desa" were those regions inhabited by 'primitive tribes' who for long periods of time did not come under the sway of the brahmanical, Buddhist or Jaina influence".
There are a handful of possible loanwords from the language of the Indus Valley Civilization. Sumerian "Meluhha" may be derived from a native term for the Indus Valley Civilization, also reflected in Sanskrit "
", and Witzel (2000) further suggests that Sumerian "šimmar" (a type of tree) may be cognate to Rigvedic "śimbala" and "śalmali" (also names of trees).
Disputes between East and West Pakistan soon after the partition of India were beginning to give rise to racist ideas and sentiments towards West Pakistani social groups, West Pakistanis being seen as '
' or inferior, uncivilized tribals compared to the educated Bengalis. The Bangladesh government now allows Biharis born after 1971 to vote in elections to the legislature.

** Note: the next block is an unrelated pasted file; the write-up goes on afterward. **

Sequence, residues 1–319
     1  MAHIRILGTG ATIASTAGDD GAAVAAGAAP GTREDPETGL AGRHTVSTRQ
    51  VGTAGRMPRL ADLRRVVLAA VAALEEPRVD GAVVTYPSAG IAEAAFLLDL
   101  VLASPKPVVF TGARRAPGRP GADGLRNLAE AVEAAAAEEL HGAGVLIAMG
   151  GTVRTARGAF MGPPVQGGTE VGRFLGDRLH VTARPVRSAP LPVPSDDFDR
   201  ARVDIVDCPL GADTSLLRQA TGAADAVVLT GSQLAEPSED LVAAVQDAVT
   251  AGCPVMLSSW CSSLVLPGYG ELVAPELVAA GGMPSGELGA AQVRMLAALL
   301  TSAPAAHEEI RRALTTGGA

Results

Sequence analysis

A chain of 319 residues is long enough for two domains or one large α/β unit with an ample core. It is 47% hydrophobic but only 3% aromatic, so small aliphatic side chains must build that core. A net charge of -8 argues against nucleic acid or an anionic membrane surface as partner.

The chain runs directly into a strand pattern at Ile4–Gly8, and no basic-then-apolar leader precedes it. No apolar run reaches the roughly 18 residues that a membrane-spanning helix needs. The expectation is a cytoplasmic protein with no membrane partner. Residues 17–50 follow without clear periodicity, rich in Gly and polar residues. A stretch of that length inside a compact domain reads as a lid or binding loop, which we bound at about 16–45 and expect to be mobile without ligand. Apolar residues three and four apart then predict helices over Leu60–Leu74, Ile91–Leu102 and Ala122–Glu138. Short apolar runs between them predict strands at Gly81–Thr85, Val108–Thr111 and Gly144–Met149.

Medieval Hindu literature, such as that of Chaitanya Mahaprabhu, also uses the term to refer to those of larger groups of other religions, especially Muslims. In medieval India, a foreign visitor al-Biruni (died 1048) noted that foreigners were regarded as 'unclean' or '
' and Hindus were forbidden any social or matrimonial contact with them.
According to "Manusmriti", the purity of a place and its inhabitants decreased the further it was from Brahmavarta. Aryan (noble) people were believed to inhabit the "good" area and the proportion of
(barbarian) people in the population rose as the distance from it increased. This implies a series of concentric circles of decreasing purity as one moved away from the Brahmavarta centre.
Copyright © 2017